13 December 2013
More than a month after Cyclone Phailin caused devastation in India, people affected by the disaster are still living under tarpaulins and upturned boats.
October’s cyclone affected about 12 million people in the north east of the country, and destroyed and damaged about 250,000 homes. Forty-six people were killed.
In the wake of the disaster the Indian Red Cross Society gave people affected vital supplies including clothes, mosquito nets, kitchen equipment and blankets. It also set up water treatment units to cut the risk of disease. The British Red Cross India Cyclone Appeal is raising money for the relief effort.
While relatively few people were killed in the disaster, thanks in part to cyclone shelters built by the Red Cross, hundreds of thousands are still in urgent need of help.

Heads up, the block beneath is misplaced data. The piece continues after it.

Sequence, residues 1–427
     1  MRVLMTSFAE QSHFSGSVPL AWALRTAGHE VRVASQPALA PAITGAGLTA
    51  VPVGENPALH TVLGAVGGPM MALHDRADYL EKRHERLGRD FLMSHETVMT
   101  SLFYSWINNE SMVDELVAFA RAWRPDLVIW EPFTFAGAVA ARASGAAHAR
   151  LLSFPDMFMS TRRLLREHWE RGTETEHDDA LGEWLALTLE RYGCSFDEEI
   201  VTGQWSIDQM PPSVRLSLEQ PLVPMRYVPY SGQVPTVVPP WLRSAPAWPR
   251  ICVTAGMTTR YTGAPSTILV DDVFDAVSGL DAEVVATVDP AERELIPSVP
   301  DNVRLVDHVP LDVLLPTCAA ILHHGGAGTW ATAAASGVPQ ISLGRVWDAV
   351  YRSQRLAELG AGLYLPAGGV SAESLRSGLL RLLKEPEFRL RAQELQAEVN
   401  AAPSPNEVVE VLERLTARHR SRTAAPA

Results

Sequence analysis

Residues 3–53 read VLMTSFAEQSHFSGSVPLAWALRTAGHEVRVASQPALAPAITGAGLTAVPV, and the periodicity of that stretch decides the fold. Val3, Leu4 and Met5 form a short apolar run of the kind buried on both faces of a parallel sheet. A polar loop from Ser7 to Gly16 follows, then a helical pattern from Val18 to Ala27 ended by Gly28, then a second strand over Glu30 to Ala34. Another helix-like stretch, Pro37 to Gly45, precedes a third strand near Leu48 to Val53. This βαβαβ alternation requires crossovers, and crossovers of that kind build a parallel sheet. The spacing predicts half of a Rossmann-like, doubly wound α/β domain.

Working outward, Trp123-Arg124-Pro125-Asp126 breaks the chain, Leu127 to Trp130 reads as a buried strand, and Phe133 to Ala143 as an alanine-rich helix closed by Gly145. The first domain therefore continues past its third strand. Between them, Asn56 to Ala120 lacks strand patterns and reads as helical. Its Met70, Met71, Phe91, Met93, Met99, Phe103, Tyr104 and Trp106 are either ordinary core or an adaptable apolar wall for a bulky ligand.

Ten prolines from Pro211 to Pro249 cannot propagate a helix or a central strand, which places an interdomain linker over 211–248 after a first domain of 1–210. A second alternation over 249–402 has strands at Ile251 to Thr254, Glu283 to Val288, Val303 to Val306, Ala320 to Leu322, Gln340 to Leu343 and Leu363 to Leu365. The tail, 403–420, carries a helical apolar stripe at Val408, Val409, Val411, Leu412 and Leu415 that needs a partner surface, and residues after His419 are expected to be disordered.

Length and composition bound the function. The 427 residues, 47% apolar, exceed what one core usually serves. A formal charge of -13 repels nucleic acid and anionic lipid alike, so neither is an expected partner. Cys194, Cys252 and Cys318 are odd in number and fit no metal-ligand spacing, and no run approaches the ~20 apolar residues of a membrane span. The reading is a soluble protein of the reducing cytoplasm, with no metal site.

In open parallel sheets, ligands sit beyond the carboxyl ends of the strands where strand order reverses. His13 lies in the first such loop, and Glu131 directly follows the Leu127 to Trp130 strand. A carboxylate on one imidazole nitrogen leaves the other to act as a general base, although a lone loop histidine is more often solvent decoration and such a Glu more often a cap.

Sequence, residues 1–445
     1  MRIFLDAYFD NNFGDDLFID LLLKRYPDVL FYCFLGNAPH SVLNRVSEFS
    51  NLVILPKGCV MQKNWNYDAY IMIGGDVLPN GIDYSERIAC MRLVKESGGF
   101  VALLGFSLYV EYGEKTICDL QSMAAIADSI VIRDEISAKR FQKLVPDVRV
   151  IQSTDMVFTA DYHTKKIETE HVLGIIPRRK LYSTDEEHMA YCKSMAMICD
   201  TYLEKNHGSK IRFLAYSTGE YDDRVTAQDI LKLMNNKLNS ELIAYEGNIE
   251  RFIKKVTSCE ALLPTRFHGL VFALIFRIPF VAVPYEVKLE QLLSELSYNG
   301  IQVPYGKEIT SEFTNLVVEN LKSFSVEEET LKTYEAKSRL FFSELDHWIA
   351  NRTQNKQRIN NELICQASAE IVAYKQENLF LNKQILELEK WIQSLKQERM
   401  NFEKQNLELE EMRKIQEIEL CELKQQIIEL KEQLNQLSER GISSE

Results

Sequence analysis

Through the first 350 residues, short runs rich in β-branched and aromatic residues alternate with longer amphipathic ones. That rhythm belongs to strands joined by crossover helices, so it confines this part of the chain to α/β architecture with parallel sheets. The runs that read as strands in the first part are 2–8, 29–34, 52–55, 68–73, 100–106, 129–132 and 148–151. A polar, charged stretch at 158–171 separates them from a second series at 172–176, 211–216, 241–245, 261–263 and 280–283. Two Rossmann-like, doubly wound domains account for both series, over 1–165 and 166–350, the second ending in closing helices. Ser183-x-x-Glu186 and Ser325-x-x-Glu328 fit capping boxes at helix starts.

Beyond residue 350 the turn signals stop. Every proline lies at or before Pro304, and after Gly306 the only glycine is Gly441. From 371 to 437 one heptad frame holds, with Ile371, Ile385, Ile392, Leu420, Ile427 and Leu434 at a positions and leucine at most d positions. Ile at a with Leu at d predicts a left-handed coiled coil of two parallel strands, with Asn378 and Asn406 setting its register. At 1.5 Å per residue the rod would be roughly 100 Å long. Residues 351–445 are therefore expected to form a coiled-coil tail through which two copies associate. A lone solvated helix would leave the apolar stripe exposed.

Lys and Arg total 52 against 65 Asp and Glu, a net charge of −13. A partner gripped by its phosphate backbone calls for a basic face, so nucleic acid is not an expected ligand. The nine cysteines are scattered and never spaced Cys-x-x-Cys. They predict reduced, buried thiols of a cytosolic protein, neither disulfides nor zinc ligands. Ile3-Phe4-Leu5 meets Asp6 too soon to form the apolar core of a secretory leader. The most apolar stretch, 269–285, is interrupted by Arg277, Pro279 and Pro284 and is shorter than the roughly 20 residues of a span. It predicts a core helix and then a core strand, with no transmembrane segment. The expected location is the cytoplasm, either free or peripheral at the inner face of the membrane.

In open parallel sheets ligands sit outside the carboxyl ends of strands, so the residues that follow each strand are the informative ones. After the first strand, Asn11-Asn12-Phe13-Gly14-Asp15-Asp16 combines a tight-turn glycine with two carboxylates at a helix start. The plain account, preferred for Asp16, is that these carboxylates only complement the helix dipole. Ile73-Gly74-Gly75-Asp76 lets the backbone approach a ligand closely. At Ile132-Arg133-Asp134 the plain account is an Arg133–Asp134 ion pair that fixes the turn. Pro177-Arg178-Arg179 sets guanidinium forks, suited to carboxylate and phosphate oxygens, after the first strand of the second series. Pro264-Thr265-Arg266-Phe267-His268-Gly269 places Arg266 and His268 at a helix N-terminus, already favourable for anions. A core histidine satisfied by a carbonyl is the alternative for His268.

After a visit to the Orissa region, British Red Cross aid worker Kenny Hamilton said the cyclone had left people living in unsafe, makeshift homes with no way of making money.
Kenny said: “What was striking was the impact the cyclone had on the poorest people in these communities. Some had been living in very basic huts, made of mud and sticks. Most of these were completely destroyed. More than a month on people are still living under plastic tarpaulins, boats and makeshift shelters.
“Security is a big issue. People can’t lock their homes or secure their belongings, so they are scared to leave their community.”
Crops fields and fishing boats destroyed
Kenny said many paddy fields had also been completely destroyed. In many cases, sea water had flooded into them – ruining the current rice crop and meaning they will need to be flushed clean of salt water before they can be used again. The fields are a vital source of food and employment for local people.
Fishing boats were also wrecked. Their owners face a long wait for compensation – which will almost certainly be far less than the value of the boats.
In the months ahead, the Indian Red Cross Society will continue to give out essential supplies and help people rebuild their homes and livelihoods.